Steve Jobs

In many ways, Steve Jobs - the book, like the character it's portraying is complicated, graceful, beautiful, agonizing, inspiring, and enlightening all in one. There are so many professional reviews out there so I'll be short. There are three major things that popped out at me.

First, Walter Isaacson is a phenomenal writer. His style is conversational and engaging enough that you forget you are reading a book. You're pulled into the story as he skillfully interjects real quotes wrapped in detailed context. I have not read such a beautifully crafted book since To Kill a Mockingbird. Steve Jobs represents what English is meant to be.

We all knew Steve Jobs is a pretty mean guy, so I wasn't really surprised about anything regarding his personality. Nor do I feel like he was wrong in being so mean. People naturally lean towards one side of the coin: be liked or be effective. Most people find a healthy mix. The only reason Apple climbed the top of the world is because Steve sacrificed the "be liked" portion of his personality. It worked, it's enlightening, but it clearly brings the issue to light: which one is more important to you? As Steve says: "Polite and velvety leaders, who take care to avoid bruising others, are generally not as effective at forcing change". I'm not advocating being mean, I'm advocating being aware of your choice.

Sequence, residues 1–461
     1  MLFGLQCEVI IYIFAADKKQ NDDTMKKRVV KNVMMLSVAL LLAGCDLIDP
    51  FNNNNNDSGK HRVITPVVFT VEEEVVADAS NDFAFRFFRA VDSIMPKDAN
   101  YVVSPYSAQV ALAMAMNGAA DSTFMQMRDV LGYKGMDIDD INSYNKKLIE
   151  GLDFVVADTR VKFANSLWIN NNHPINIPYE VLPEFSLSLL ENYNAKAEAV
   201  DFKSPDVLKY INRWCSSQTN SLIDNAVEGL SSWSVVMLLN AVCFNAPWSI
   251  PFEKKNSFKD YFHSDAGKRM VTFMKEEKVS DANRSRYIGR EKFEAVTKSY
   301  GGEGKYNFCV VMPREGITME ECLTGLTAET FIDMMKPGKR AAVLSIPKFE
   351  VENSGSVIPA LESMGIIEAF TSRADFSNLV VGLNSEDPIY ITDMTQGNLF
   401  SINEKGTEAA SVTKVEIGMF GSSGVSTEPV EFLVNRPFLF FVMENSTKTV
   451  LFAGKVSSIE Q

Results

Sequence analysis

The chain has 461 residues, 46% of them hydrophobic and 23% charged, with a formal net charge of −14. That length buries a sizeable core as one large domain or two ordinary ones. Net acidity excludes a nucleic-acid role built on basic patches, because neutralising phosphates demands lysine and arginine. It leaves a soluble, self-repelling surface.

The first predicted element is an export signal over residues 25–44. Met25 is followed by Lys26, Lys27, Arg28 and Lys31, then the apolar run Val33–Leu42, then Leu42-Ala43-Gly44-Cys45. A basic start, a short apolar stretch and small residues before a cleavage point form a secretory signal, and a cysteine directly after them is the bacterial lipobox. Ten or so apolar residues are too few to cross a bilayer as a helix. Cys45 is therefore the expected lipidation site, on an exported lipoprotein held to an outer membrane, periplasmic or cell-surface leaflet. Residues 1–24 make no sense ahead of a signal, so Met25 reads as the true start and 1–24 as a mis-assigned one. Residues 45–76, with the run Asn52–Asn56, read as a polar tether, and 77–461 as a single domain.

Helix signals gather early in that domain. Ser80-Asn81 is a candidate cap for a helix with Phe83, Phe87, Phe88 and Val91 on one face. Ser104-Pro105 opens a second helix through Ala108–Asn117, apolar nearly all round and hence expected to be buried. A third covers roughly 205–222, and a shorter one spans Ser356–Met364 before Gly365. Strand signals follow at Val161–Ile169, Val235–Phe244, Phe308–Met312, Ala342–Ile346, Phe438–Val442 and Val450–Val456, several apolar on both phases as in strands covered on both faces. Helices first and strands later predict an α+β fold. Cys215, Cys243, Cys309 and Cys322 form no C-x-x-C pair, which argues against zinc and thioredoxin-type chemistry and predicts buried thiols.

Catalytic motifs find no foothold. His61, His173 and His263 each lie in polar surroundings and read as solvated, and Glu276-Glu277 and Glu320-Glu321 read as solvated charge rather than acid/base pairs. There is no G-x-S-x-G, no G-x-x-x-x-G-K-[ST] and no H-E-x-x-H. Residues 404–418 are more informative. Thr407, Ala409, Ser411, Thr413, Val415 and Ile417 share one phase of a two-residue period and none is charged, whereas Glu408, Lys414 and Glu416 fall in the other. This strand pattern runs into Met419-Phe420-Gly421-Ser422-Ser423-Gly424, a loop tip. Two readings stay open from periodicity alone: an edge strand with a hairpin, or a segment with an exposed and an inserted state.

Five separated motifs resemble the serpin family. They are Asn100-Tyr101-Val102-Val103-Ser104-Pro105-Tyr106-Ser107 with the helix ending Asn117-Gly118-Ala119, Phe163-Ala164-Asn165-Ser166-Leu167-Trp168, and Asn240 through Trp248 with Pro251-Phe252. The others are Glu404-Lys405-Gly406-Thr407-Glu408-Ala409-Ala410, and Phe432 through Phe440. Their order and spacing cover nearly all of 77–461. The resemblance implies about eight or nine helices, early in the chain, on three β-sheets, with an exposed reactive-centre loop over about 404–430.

However, the deepest question I kept asking to myself while reading the book was, is it worth it? While on his death bed, Steve kept working at the expense of family and friend time. Walter portrays Steve as a relatively happy guy, deeply proud of his work. But on a personal level, is it all worth it? The hours, the lives hurt by Steve's temper tantrums, the absolute dedication to work at the expense of personal relationships. Is building the iPad more important? Sociologists and happiness reports say that few people wish they spent more time at the office on their death bed. With Steve, it feels like he wished he had more time to work. Alas, one of life's hardest questions with another data point to think about.

I've learned so many things via Steve and I'm an Apple fanboi, yet regardless of how you feel about Steve Jobs and Apple, the biography is a great book that's worth a read. And like the Walter's graceful conclusion, I too shall defer to Steve with my favorite quote: “Simplicity is the ultimate sophistication.”